Those are interesting points, Destructor. I’m not sure that I agree with you, though. Calling the Hulk “a man who couldn’t control his anger” isn’t quite right. He’s more like a man who turns into a giant gorilla who could slam you two feet into the floor. It was more than his “anger” that made him out of control. It was the the gamma radiation monster inside of him. Remember, this is a superhero movie.
    True, the movie was low on females, I’ll give you that. But I agree with Anderson: the Black Widow, like so many of Whedon’s women characters, is a beautiful example of a strong female character. She’s got all of the advantages mentioned in the article, and additionally, she’s not absurdly perfect. If Widow had somehow been able to escape the Hulk with nothing but some martial arts and a pistol, I would have been disappointed. Imperfect characters are more real (as “real” as a character can be, in a comic book movie).
    And yes, Destructor, the men in the movie are bickering alpha males–at first. But that’s the beauty of the story: they change. Banner embraces the problem that haunts him, turning a horrible burden into a force for good. Thor does his best to stop a war: in his youth, he says, he would have sought one out. But, he’s changed. Captain America, in this movie, I wouldn’t call jingoistic at all: patriotism isn’t really dealt with. His focus is on saving all of humankind. Ironman, yes, projects the image of arrogance and selfishness, but he takes a page from Captain America’s book and is willing to sacrifice himself to save New York.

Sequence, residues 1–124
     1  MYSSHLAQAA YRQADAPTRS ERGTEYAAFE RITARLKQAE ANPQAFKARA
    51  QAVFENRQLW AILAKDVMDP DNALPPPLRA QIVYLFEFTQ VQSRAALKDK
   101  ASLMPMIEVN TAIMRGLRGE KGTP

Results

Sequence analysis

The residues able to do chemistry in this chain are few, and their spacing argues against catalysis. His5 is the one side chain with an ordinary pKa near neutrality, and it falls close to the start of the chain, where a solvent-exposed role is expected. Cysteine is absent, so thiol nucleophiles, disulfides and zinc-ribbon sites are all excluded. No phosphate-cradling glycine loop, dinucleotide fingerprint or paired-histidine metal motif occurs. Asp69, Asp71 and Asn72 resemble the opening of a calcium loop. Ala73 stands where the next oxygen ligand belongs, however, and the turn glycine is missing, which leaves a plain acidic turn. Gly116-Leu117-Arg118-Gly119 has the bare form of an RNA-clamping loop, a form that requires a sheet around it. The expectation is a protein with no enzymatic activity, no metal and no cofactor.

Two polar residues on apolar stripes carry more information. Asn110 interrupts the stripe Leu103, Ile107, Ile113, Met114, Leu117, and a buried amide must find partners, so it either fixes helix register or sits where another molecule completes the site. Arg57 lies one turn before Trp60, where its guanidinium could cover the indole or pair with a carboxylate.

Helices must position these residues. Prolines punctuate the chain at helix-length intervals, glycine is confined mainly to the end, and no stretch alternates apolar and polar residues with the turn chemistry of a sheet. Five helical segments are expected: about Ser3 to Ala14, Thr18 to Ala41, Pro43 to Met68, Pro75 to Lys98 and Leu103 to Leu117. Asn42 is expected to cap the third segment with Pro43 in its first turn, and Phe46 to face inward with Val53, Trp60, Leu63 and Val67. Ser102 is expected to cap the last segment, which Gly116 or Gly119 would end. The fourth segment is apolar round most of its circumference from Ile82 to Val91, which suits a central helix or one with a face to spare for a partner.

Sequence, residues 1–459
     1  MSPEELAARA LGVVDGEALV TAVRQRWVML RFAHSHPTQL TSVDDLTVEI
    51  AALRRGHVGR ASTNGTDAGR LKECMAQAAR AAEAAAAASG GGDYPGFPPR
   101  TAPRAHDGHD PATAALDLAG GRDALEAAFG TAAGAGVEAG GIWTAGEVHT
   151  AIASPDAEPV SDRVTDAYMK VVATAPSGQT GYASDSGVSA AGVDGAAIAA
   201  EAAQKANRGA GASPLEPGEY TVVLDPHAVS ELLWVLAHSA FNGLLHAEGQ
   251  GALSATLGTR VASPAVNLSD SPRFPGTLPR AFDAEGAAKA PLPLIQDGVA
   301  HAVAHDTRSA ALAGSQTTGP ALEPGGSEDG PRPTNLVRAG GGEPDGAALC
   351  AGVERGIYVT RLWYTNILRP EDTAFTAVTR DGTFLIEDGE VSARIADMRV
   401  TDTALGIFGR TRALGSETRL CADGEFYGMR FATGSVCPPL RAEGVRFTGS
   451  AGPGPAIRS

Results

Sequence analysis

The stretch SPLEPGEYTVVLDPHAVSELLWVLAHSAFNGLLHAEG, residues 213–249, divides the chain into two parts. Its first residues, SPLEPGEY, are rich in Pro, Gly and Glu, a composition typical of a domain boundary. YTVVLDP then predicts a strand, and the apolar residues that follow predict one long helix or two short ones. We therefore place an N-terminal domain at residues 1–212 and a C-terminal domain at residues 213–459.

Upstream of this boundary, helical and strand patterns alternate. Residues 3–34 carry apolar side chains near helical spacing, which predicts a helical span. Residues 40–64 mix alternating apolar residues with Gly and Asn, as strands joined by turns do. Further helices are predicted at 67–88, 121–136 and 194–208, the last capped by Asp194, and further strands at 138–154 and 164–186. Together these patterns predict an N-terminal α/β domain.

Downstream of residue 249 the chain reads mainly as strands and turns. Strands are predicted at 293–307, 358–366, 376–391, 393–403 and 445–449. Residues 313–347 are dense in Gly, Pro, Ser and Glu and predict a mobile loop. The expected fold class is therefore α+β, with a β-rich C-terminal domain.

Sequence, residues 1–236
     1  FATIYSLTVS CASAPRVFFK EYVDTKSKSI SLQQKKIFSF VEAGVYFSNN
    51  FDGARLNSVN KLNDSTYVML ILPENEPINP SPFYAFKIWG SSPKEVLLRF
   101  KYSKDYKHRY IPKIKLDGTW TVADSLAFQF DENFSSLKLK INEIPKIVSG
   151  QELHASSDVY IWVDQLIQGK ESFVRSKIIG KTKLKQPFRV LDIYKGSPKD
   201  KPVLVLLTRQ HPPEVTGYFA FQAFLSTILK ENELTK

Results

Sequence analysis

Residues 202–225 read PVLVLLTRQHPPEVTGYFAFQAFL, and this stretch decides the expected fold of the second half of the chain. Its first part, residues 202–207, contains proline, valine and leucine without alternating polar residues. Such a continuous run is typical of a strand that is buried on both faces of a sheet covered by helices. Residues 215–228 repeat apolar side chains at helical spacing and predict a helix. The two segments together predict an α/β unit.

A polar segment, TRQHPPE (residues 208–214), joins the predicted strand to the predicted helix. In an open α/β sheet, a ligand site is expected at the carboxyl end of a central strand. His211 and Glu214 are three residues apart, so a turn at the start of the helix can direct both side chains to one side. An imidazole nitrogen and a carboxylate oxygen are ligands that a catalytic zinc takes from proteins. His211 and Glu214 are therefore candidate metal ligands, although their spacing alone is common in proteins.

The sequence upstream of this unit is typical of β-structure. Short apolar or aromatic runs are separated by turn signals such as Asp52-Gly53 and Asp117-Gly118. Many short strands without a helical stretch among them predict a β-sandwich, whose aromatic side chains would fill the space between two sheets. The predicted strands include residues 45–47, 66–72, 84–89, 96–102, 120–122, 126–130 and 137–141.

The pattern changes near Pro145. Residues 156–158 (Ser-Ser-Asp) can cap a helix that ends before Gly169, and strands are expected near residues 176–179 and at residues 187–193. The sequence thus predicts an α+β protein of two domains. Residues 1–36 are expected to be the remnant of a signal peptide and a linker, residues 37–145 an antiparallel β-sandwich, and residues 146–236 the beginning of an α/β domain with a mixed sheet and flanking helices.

So yes, at the beginning of the movie, the men are all bickering like little boys. But, Joss manages to take them on a journey to self-improvement, while also writing a story that combines action and plot in wonderful ways. And yes, the Black Widow is chased by an angry man, but overall, I’d agree with the author, that she is a fantastic leap forward for women characters in superhero movies and many other action movies.

  • Magneta

    I liked the movie and I’m a big fan of Marvel comics (though I usually stick with Thor and X-men) but I don’t think the Avengers is a feminist film. It managed to not be blatantly, disgustingly misogynistic but that’s not the same.

    Women, half the population, are still erased down to basically three named people that don’t interact with each other. Potts fulfills the role of Iron Man’s girlfriend and shows up for about three minutes. Maria Hill wasn’t much better off. She has barely any presence on screen and she’s been white-washed. Yes, I’m aware that she was originally a white Russian, but in her last few significant appearances (Civil War and Secret Invasion) she has been dark skinned. Black Widow is zipped down. It’s not the hugest deal but in the comics this is often taken to stupid, boob-popping levels. It’s a reminder of how much the work the comics still need to do. Women are constantly dressed and posed to remind everyone that they’re there primarily to be looked at.